The proposed takeover of Canadian energy company Nexen by the state-owned Chinese National Offshore Oil Corporation (CNOOC) has created instant new political controversy.
The $15.1 billion deal would see Nexen's oil production in Canada, the North Sea, and off the coast of Nigeria end up in hands of a company controlled by China's communist dictatorship, alarming Bejing critics.
"No rational nation would ever give up control strategic resources like that to a hostile foreign power," said Greg Autry, senior economist with American Jobs Alliance.
"You're talking about a firm directly owned by a government who is hostile to our principles of democracy and individual freedom and is preparing for war with the West." Industry Minister Christian Paradis hid from the media on Monday, but issued a statement from the safety of his office acknowledging the deal would be subject to federal review to see if it is of "net benefit" to Canada.
Under new rules, Paradis will be allowed to publicly explain a rejected deal after the fact, but that's not good enough for NDP industry critic Peter Julian.
"The only way to thoroughly evaluate whether this foreign investment is in the public interest is by putting into place an open, transparent and thorough public review," Julian said.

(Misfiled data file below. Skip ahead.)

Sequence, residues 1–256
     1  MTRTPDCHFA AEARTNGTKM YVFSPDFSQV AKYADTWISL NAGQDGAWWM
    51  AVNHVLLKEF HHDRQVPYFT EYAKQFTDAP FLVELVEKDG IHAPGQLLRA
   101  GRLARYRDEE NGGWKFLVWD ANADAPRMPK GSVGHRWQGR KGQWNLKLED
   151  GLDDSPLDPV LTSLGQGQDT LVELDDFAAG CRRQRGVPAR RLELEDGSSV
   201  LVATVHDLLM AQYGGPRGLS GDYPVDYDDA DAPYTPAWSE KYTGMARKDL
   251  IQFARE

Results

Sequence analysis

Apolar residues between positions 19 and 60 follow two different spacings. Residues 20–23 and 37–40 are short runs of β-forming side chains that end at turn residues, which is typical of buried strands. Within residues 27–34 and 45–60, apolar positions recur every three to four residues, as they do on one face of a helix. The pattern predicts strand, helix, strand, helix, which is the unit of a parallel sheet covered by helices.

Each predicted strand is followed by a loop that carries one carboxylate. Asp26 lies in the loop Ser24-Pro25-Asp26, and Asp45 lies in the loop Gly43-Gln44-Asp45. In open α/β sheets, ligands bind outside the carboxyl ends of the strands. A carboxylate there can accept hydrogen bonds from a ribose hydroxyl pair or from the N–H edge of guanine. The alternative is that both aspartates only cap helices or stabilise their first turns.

Paradis can also launch a national security review of the deal, but his statement makes no mention of one.
The Competition Bureau will conduct its own review.
Li Fanrong, CEO and president of CNOOC, presented a friendly face in a Monday teleconference, promising to set up a Canadian headquarters and continued "social investment." "We intend to be a local company as much as a global one," he said. "We are committed to maintaining all Nexen employees and it is our hope that they will stay and grow with us." Normally inclined to favour much-needed foreign investment in Canada's energy sector, Carleton Univeristy business professor Ian Lee, says he worries about involvement by CNOOC.
"They're operating under the instructions of the Government of China," Lee said. "We should be looking much more critically at state-owned enterprises because they're not playing by the ordinary rules of the game."